Realtive keys share the same key signature:
Parallel keys share the same tonic:
A major triad has a major third between the root and third, a minor third between the third and the fifth, and a perfect fifth between the root and the fifth.
A minor triad has a minor third between the root and third, a major third between the third and the fifth, and a perfect fifth between the root and the fifth.
An augmented triad has a major third between the root and third, a major third between the third and the fifth, and an augmented fifth between the root and the fifth.
A diminished triad has a minor third between the root and third, a minor third between the third and the fifth, and a diminished fifth between the root and the fifth.
Putting it All Together: Intervals, Triads, and Scales
It is important to understand how notes in a scale may combine to form intervals and triads. Here below is a major scale ascending through intervals of a second:
A major scale ascending in thirds:
Here are the intervals, expanding from the perfect unison to the perfect octave, ascending from the tonic note in the major scale:
The intervals descending from the tonic note in the major scale:
The triads in the major scale are shown below. Note that the triad built on the 7th scale degree, the leading tone, is a diminished triad.
Rhythm and Meter
Meter is the organization of musical time into recurring patterns of accent. Each complete unit constitutes a measure. The first beat of every measure is called the downbeat. The beat unit divides to form smaller note values. Simple division of the beat is binary, dividing the beat value into two equal parts. As shown below, 2/4 meter provides an example. Every beat can divide to form a pair of eighth notes. The beat unit is the quarter note. The background unit is the largest possible division of the beat. In this case, it is the eighth note.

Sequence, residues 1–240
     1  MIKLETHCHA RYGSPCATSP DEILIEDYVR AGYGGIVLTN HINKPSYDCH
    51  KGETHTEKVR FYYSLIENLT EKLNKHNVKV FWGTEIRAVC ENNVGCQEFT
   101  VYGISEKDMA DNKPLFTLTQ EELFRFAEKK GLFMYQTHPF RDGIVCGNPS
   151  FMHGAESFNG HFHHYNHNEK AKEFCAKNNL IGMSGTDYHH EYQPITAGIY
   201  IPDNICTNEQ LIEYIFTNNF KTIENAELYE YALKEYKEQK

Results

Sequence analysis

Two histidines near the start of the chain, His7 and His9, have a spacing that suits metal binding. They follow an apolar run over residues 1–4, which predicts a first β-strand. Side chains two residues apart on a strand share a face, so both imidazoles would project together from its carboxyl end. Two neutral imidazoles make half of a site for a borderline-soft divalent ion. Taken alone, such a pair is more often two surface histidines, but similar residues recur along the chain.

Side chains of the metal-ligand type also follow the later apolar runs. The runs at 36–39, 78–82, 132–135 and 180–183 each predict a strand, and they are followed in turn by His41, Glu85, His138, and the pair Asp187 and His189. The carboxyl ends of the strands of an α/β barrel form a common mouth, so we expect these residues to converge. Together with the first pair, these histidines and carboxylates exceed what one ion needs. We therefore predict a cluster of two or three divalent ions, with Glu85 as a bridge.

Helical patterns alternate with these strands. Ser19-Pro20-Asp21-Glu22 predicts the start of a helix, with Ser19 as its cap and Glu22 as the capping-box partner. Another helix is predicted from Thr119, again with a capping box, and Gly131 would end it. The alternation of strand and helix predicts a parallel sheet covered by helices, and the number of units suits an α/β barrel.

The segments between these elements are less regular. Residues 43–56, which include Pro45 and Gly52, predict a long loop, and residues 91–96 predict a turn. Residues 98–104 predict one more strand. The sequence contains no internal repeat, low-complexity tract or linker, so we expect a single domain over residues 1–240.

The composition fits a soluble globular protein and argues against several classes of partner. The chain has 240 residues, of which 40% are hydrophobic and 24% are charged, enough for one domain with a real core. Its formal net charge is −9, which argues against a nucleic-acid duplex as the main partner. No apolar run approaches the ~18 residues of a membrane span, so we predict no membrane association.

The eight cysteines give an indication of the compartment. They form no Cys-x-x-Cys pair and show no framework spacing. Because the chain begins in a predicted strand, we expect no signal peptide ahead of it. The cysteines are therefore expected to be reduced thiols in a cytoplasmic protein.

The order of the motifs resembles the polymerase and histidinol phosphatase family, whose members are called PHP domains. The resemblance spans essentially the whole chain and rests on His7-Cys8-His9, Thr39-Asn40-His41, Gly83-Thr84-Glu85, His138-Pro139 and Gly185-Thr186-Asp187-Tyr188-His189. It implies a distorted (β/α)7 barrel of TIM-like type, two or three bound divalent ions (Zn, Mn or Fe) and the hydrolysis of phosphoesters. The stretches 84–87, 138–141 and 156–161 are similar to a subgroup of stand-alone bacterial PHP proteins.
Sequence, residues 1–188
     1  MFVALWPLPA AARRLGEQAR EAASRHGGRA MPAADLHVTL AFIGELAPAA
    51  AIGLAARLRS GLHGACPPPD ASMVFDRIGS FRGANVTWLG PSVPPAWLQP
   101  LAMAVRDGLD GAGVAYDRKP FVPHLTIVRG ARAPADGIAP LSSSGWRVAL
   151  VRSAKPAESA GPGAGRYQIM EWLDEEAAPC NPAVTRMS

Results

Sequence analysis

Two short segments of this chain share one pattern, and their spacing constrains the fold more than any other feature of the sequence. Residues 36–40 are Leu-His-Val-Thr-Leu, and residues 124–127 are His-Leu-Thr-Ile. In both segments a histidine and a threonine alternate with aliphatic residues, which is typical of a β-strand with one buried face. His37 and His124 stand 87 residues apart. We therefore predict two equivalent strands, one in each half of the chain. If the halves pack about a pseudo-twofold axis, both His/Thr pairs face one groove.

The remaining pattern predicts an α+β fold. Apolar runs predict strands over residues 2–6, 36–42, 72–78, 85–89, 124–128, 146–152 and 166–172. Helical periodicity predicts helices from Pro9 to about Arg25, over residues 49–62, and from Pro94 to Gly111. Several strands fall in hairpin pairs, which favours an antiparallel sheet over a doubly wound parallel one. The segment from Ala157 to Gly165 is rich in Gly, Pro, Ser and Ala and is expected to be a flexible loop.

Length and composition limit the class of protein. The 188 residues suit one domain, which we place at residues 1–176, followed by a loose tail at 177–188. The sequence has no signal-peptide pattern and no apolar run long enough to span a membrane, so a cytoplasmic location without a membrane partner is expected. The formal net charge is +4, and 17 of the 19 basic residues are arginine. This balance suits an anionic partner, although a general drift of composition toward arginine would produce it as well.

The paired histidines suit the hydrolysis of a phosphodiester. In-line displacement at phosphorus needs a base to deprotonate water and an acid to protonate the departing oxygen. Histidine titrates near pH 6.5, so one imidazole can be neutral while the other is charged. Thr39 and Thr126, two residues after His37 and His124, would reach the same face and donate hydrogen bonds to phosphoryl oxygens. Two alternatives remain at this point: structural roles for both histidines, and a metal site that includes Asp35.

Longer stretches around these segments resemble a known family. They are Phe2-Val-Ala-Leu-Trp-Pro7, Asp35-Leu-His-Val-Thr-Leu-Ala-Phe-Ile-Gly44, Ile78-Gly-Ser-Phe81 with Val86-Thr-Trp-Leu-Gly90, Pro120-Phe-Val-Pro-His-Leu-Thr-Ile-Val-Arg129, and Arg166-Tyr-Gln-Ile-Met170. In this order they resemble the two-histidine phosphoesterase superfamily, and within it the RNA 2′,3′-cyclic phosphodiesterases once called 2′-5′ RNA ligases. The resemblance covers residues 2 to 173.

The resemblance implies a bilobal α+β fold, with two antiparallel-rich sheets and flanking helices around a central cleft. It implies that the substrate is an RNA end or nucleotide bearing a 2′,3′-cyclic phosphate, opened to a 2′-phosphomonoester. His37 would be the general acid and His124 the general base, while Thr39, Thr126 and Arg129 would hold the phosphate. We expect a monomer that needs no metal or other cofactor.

In simple meters the upper number of the time signature indicates the number of beats, and the lower number indicates the note value of the beat. The meter signature of 2/4, with two quarter-note beats per measure, is a simple duple meter. Meters having two beats per measure are duple; three beats per measure, triple; four beats per measure, quadruple.
“Cut time” or 2/2 meter is another example of simple duple meter. Theqre are two half-note beats per measure; the background unit is the quarter note.
Compound meters have triple division, with three background units per beat. Consequently, the beat unit in compound meter is always a dotted note. In compound meters, the upper number indicates the number of background units, and the lower number, the value of the background unit. To find the number of beats per measure, divide the upper number in the meter signature by three. In this example of compound duple meter, the dotted quarter receives the beat; the background unit is the eighth note:
This minuet provides an example of simple triple meter, with three beats per measure and duple division of the beat.
In this example of compound triple meter, the dotted quarter receives the beat; the background unit is the eighth note:
“Common time” or 4/4 meter is a simple quadruple meter. There are four quarter-note beats per measure, with duple division:
In this example of compound quadruple meter, the dotted eighth receives the beat. Triple division of the beat is characteristic of the gigue: